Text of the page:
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United Nations Daily Highlights, 03-08-27
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From: The United Nations Home Page at <http://www.un.org> - email: firstname.lastname@example.orgHIGHLIGHTS
OF THE NOON BRIEFING
BY HUA JIANG
DEPUTY SPOKESWOMAN FOR THE SECRETARY-GENERAL OF THE UNITED NATIONS
UN HEADQUARTERS, NEW YORK
Wednesday, August 27, 2003
ANNAN WELCOMES SIX-PARTY TALKS IN BEIJING
In a message to the participants of the six-party talks in Beijing, Secretary-General Kofi Annan welcomed the beginning of the talks, saying that "this is an encouraging development that offers testimony to the will of your respective governments to find a negotiated solution to the crucial problems of the region."
He says that there is much confidence in the diplomatic skills of the participants and he wishes them success in their deliberations.
"I also want to assure you of my active support for your work,"' he said.
"I am hopeful that this process, however challenging and complicated it may be, will lead to solutions to your mutual and bilateral concerns, reducing tensions, and strengthening peace and stability on the Korean Peninsula and in the region," he said.
MORE VICTIMS OF BAGHDAD BOMBING FLOWN OUT OF IRAQ TO JORDAN
The bodies of three more victims of the Baghdad bombing of UN headquarters are being airlifted out to Amman, Jordan, from Iraq today.
Those are UN staff members Ramillo Buenaventura of the Philippines and Reza Hosseini of Iran, as well as Gillian Clark of Canada, who worked for the non-governmental organization, Christian Childrens Fund. They are to be met in Jordan, by UN Development Programme, Mark Malloch Brown.
Also today in Amman, Malloch Brown met with King Abdullah II to convey the Secretary-Generals gratitude for Jordans assistance to the United Nations in the aftermath of the bombing, especially in receiving wounded staff.
SECURITY COUNCIL BRIEFED ON LIBERIA BY ECOWAS DELEGATION
The Security Council is holding two back-to-back meetings on Liberia. In the first open meeting, Council members heard briefings by the Economic Community of West Africa States (ECOWAS). The Foreign Minister of Ghana, Nana Akufo Addo, the current ECOWAS chairman, and Mohamed Ibn Chambas, the ECOWAS Executive Secretary were the briefers.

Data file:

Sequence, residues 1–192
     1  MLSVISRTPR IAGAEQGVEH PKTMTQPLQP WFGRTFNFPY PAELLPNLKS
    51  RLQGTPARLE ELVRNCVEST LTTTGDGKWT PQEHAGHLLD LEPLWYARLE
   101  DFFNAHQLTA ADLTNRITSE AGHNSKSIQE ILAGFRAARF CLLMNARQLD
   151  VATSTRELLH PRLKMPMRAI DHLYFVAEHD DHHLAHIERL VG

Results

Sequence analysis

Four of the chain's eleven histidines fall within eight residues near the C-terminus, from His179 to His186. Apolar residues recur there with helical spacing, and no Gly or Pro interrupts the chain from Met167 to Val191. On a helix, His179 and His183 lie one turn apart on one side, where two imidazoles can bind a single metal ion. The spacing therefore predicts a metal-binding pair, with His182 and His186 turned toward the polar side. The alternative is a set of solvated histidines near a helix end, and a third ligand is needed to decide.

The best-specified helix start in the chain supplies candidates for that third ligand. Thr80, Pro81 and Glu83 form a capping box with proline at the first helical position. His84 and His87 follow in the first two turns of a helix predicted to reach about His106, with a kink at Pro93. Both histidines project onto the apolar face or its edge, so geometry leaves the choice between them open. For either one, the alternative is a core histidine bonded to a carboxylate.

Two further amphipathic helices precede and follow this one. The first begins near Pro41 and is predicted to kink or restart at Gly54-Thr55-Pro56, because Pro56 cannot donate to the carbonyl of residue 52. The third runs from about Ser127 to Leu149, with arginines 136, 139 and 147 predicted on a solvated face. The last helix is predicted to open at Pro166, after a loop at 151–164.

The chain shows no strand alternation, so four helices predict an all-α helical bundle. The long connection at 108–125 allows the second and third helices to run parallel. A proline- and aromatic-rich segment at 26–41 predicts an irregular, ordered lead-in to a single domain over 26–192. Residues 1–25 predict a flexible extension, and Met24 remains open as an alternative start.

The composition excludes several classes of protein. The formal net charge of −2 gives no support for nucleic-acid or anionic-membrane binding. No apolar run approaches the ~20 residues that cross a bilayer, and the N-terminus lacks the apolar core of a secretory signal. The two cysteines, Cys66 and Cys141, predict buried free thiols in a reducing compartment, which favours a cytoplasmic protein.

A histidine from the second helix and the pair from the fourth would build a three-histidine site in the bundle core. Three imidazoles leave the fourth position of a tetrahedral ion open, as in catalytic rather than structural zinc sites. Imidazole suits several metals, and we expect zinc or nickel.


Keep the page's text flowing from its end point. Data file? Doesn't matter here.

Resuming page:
Security Council President Fayssal Mekdad of Syria then read a presidential statement welcoming the Comprehensive Peace Settlement reached by Liberias Government, rebel groups, political parties and civil society leaders in Accra, Ghana last week. The Council also urged all parties to respect fully the ceasefire and to implement fully all their commitments under the peace agreement.
The Council then went into a private meeting for a questions and answers session. In addition to the Ghanian Foreign Minister and Chambas, the Foreign Ministers of Cote DIvoire, Guinea and Nigeria attended todays meetings.
Tuesday afternoon, Council President Mekdad of Syria, in a statement to the press on the Liberian timber sanctions during which he said that in context of the rapidly evolving, yet fragile, situation in Liberia, the members of the Council considered that it was premature to draw definitive conclusions regarding the timber sanctions and their possible impact.
UN ENVOY FOR LIBERIA CONTINUES REGIONAL CONSULTATIONS
The Secretary-Generals Special Representative for Liberia, Jacques Klein, is in Freetown, Sierra Leone today, a day after he went to Guinea where he met Prime Minister Lamine Sidime, diplomatic representatives and the UN country team. While in Guinea, Klein, according to his spokeswoman, sent a message to the Liberian rebel movement LURD that all hostilities must cease.
As part of his series of talks with regional leaders on the situation in Liberia, Klein is scheduled to travel to Cote DIvoire Thursday.
This morning, Klein met with Maj. Gen. Martin Luther Agwai, Nigerias Chief of Army staff and thanked Nigeria for the important role it was playing in Liberia. Agwai told Klein that Nigerian President Olusegun Obasanjo was fully committed to the peace process in Liberia and that Nigeria was willing to rehat its battalions under the United Nations.